Saturday, May 23, 2009

Annie Leibovitz is Broke. No Joke.

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The most popular yet overated photographer of our time, Annie Leibovitz, is in some serious financial hot water. She was forced to mortgage the rights to all her photographs last year in exchange for $15 million, and she's been the target of multiple creditor lawsuits for skipping out on her bills. Now a source tells Gawker that one of them is preparing to force her into bankruptcy. Their source got a hold of an involuntary bankruptcy petition drawn up by photo supplier B2Pro, which has sued Leibovitz and Vanity Fair publisher Condé Nast for unpaid bills. The document, known as a Form 5 claims that Leibovitz owes B2Pro $189,000 and is set to be filed in federal bankruptcy court in Manhattan. If successful, it could put a bankruptcy judge in charge of all Leibowitz's assets—including her entire photographic archive. Earlier this year, it was revealed that Leibovitz had pawned the rights to every photograph she has ever or will ever take to Art Capital Group, along with her homes in Rhinebeck, N.Y., and Manhattan. If she pays back the $15 million, she keeps the photos and the houses. If she doesn't, Art Capital gets them. The New York Post reported in March that Leibovitz is in desperate need of cash because she was forced to buy a building next to her two Greenwich Village townhouses after renovations on her buildings undermined its foundation. (don't you just hate it when you're forced into buying an entire building?!?) Last year, the agency representing fashion stylist Nicoletta Santoro sued Leibovitz's studio claiming more than half a million dollars in unpaid bills, including $110,000 for a Disney ad featuring Jennifer Lopez and Marc Antony. And B2Pro, which rented lighting equipment to Leibovitz for shoots in 2006 and 2007, is suing her for $227,000 in unpaid bills. If B2Pro follows through with filing the petition, and if it is successful, a bankruptcy judge would survey Leibovitz's assets and decide which of them to sell off to satisfy her creditors, including B2Pro and Santorom. It's unclear if Leibovitz is up to date on her payments to Art Capital Group, but since they are undoubtedly a creditor, it's likely that Leibovitz's debt to them, and her arrangement with them, would come before the judge. Which means that her ownership over her photographic legacy could be resolved once and for all, and soon, in court.B2Pro's attorney did not immediately return a call. Reached by phone, Leibovitz's attorney said, "I can't comment. I can't confirm anything."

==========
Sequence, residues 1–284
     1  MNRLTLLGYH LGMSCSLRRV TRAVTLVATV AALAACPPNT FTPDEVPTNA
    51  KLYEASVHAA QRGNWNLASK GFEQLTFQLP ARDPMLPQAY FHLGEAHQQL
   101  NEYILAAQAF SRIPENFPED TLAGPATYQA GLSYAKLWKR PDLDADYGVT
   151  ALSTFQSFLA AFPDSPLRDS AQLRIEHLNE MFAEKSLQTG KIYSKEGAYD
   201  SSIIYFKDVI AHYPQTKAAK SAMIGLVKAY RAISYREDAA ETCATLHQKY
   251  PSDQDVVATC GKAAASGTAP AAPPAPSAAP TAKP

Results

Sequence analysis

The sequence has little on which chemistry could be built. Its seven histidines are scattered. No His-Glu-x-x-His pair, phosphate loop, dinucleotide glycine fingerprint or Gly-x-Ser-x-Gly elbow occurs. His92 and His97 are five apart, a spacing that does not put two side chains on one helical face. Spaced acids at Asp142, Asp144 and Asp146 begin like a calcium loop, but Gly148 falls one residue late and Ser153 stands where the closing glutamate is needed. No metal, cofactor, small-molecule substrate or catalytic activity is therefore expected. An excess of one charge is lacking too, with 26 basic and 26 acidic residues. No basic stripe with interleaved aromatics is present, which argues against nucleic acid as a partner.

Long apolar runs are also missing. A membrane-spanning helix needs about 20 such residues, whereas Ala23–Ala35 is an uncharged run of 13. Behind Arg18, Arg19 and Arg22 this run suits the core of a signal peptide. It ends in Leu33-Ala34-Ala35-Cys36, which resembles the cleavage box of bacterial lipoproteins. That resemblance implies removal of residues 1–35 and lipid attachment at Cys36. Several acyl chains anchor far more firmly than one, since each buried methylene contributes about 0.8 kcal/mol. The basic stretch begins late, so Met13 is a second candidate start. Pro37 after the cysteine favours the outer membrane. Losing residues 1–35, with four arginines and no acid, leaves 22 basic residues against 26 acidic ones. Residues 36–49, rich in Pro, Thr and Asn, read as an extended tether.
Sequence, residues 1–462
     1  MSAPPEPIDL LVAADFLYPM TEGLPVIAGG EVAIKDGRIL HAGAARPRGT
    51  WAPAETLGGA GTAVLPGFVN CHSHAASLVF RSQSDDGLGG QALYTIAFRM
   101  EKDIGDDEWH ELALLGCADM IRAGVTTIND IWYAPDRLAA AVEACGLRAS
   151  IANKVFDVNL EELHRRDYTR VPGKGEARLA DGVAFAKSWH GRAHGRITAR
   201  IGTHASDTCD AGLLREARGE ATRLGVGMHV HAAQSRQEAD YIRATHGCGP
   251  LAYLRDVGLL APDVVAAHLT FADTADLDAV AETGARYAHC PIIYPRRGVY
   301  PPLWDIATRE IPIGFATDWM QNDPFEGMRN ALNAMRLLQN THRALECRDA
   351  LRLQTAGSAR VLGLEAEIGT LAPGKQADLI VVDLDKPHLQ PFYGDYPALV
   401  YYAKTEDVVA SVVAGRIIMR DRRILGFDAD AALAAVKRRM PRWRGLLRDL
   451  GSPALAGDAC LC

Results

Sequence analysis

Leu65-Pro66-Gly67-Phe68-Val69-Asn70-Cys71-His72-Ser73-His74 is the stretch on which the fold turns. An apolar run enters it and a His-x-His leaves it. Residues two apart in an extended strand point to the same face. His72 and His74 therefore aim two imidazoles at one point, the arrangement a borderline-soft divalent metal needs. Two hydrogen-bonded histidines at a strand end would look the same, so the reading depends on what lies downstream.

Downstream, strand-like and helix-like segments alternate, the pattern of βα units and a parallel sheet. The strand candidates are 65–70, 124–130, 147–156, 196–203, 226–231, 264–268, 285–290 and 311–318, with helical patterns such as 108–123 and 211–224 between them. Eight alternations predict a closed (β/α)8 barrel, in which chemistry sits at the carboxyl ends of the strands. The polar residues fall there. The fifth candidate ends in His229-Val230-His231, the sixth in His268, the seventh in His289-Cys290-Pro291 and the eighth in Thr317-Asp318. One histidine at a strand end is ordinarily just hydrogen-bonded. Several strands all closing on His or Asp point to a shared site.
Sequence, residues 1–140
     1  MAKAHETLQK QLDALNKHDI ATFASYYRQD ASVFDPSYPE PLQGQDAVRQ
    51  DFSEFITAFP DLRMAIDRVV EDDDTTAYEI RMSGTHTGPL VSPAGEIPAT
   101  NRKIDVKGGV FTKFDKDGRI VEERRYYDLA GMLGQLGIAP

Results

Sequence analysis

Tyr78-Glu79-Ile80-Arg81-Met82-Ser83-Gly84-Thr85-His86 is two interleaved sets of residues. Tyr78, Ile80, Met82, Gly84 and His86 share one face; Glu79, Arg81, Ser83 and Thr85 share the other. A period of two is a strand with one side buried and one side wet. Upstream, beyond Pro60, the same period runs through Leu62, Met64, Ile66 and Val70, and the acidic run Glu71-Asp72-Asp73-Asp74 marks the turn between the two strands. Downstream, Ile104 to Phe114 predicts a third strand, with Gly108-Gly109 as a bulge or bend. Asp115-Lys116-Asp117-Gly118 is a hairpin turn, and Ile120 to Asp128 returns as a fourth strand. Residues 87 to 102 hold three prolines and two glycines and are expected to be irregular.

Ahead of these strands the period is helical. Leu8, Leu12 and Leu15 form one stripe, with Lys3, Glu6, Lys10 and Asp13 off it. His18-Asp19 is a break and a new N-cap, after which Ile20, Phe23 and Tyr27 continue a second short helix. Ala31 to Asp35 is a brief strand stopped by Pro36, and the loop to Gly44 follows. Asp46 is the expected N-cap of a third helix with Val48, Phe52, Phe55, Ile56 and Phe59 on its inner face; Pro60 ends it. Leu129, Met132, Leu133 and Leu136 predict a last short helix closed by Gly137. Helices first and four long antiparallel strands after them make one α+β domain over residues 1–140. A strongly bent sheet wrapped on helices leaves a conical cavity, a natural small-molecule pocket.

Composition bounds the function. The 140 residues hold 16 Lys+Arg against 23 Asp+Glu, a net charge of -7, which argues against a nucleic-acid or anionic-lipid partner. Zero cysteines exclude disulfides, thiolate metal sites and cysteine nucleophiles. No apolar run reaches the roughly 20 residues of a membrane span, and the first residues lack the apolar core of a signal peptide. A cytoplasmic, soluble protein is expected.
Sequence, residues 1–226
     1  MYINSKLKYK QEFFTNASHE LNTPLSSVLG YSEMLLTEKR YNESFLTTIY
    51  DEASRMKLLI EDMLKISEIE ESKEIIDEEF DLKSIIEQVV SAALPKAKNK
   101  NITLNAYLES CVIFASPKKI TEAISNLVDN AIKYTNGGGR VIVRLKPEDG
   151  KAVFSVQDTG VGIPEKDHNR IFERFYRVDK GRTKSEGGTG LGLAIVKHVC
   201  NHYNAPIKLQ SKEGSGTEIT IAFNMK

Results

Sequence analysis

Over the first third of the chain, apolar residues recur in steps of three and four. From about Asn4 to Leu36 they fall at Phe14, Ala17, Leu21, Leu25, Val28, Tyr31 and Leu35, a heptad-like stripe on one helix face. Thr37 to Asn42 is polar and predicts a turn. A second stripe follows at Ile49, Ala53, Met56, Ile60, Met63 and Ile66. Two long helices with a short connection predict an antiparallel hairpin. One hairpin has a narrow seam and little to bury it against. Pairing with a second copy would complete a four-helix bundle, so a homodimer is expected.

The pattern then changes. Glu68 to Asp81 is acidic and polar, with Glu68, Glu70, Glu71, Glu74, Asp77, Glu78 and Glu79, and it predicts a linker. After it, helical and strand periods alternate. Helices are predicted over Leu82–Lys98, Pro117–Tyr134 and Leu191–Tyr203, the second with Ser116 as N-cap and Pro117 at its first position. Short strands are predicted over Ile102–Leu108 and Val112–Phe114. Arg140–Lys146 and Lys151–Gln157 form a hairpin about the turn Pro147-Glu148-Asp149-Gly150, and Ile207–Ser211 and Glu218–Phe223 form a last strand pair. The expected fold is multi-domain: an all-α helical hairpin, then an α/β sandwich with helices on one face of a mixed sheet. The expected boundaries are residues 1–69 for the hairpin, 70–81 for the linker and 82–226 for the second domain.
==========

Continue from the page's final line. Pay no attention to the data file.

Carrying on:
Listen, if you make millions in a year, there is no excuse for having to file bankruptcy other than you are a complete moron. Plenty of people get along in the world on $20,000 a year, so pardon me if I have no pity for a rich, pompous, egotistical asshole that doesn't know how to manage their millions. Particularly if ou are an artist you should never, ever, ever barter your own work for cash. Your work should be like your babies and mean far more to you than a second house in the Hamptons or any other superficial things.
Ellen Von Unwerth would never let this happen.

5 comments:

Madam Miaow said...